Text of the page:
Beat the Winter Blues with Essential Oils

Discover how aromatherapy can be used to keep seasonal affective disorder at bay through scents that improve mental focus, invigorate our senses, and boost our moods.

| January/February 2019

  • Thanks to aromatherapy, we now appreciate the profound link between aroma and health.
    Photo by Getty Images/amesy
  • Disperse essential oils into the air from diffusers, which can run for several hours and be placed throughout your home.
    Photo by Adobe Stock/New Africa
  • Although it’s a member of the mint family, melissa is known for its lemon-scented leaves.
    Photo by Getty Images/Madeleine_Steinbach
  • With the right treatment, a change in the seasons will no longer change your health and happiness.
    Photo by Getty Images/AleksandarNakic

After living in sunny Rome for 12 years, my move to Pennsylvania in 1996 brought an unexpected adversary — the winter blues, formally known as seasonal affective disorder (SAD). The first winter after my return to the United States, I noticed an unusual desire for daily naps and an overall sense of melancholy. I attributed these symptoms to the adjustment of moving to a new country. However, when my mood magically lifted the following summer, only to drop again in winter, I knew I was experiencing SAD.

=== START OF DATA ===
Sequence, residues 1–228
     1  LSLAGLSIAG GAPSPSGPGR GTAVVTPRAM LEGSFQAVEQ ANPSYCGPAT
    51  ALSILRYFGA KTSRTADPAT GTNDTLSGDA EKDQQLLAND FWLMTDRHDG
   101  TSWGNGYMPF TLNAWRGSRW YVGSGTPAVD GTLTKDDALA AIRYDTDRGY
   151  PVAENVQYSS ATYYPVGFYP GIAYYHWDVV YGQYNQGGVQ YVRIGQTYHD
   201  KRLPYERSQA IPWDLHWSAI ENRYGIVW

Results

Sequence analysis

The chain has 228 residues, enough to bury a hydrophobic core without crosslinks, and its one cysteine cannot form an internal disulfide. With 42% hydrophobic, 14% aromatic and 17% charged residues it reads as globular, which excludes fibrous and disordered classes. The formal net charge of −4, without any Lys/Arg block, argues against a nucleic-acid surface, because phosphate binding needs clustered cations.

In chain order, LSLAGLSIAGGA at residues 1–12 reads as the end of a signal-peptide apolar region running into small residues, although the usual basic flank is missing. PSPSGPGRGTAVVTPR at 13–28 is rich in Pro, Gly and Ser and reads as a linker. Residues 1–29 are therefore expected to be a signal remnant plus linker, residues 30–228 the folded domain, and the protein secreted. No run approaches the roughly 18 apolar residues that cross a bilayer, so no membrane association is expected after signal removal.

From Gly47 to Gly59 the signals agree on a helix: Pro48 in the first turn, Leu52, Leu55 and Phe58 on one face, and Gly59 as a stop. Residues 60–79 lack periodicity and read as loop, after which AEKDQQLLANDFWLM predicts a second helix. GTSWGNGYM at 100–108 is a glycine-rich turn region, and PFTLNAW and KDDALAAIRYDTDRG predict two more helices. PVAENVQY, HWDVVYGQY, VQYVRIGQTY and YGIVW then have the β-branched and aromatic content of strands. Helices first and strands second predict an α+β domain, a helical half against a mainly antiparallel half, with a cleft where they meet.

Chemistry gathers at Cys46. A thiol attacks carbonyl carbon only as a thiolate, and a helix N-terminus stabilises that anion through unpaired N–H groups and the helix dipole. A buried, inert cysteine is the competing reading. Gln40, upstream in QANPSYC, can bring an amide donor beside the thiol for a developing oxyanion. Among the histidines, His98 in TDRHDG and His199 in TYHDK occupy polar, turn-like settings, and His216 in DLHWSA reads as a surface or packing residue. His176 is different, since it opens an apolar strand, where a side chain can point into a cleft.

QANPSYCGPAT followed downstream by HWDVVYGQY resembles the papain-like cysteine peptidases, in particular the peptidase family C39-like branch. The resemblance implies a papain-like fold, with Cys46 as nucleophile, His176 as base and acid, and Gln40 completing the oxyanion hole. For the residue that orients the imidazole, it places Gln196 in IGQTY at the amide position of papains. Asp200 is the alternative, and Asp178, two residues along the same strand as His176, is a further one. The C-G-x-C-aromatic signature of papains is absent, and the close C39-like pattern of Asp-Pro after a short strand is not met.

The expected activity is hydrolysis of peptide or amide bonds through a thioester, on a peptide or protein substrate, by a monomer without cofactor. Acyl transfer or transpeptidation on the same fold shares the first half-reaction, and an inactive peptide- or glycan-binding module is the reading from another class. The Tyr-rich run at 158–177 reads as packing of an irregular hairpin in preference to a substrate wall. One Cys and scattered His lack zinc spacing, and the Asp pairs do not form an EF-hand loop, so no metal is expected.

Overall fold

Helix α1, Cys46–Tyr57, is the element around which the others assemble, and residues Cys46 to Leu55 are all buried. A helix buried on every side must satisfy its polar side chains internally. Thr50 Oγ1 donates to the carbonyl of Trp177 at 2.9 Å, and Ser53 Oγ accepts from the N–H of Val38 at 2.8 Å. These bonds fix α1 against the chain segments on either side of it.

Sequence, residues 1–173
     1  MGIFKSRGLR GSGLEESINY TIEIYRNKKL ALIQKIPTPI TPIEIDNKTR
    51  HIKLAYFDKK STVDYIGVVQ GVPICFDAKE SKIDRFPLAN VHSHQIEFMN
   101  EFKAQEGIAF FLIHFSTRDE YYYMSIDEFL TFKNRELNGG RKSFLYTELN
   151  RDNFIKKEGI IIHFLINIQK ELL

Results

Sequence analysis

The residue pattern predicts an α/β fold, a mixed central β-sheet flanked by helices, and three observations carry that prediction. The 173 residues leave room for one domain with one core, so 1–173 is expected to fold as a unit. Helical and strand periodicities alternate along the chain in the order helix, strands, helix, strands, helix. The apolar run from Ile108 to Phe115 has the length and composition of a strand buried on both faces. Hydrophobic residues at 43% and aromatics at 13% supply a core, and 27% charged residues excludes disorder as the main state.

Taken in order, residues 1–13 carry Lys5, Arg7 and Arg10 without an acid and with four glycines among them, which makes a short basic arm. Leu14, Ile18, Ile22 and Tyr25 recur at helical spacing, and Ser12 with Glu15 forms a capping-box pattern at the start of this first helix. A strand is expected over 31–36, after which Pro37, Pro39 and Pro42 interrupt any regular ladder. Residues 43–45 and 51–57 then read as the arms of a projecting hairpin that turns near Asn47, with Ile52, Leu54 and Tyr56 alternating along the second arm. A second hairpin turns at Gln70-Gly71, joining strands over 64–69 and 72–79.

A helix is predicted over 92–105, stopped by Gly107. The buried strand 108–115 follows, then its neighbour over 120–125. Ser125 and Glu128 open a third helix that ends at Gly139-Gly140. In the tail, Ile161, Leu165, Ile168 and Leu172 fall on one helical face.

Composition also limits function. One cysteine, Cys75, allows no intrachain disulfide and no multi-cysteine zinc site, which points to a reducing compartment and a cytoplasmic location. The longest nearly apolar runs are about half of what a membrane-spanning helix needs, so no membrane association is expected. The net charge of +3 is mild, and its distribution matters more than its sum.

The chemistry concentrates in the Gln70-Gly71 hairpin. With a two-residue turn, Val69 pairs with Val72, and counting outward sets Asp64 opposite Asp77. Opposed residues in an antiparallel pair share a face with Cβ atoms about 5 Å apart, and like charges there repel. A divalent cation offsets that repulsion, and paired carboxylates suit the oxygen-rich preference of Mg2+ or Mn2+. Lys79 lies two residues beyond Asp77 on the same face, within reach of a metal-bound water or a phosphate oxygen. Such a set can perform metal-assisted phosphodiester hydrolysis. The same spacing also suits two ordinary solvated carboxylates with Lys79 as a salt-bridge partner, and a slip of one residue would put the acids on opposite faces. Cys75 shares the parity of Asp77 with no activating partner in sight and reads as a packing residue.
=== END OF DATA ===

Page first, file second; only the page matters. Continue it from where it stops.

SAD is a condition of mild to major depression with a seasonal pattern. Most people begin to notice feelings of sadness and reduced energy around October or November, and find they become worse in December, January, and February, when the days are shortest.

What Causes SAD?

The primary factors that may influence this disorder are:

Low levels of serotonin. Serotonin is a chemical in your brain that makes you feel happy. Reduced sunlight can cause serotonin levels to drop, affecting the balance of your mood.



Elevated levels of melatonin. This hormone primarily affects sleep patterns, and a change in the season can disrupt the balance of melatonin in your body, causing you to produce too much. The result is depressed feelings and lethargy.

Your internal clock. Your internal clock, known as your circadian rhythm, alerts you to whether you should be awake or asleep. The decreased sunlight in winter disrupts your normal rhythm and can bring about symptoms of SAD.



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